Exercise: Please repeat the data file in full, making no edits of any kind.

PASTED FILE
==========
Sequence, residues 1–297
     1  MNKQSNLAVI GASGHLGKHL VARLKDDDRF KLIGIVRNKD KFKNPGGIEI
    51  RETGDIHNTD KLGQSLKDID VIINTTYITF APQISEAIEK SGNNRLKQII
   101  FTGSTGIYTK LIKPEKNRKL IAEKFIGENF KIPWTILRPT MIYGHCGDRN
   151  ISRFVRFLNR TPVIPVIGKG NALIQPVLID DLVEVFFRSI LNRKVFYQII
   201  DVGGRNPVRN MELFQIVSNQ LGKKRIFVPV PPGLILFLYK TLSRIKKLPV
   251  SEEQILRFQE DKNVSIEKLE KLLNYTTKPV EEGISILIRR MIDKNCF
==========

Sequence, residues 1–297
     1  MNKQSNLAVI GASGHLGKHL VARLKDDDRF KLIGIVRNKD KFKNPGGIEI
    51  RETGDIHNTD KLGQSLKDID VIINTTYITF APQISEAIEK SGNNRLKQII
   101  FTGSTGIYTK LIKPEKNRKL IAEKFIGENF KIPWTILRPT MIYGHCGDRN
   151  ISRFVRFLNR TPVIPVIGKG NALIQPVLID DLVEVFFRSI LNRKVFYQII
   201  DVGGRNPVRN MELFQIVSNQ LGKKRIFVPV PPGLILFLYK TLSRIKKLPV
   251  SEEQILRFQE DKNVSIEKLE KLLNYTTKPV EEGISILIRR MIDKNCF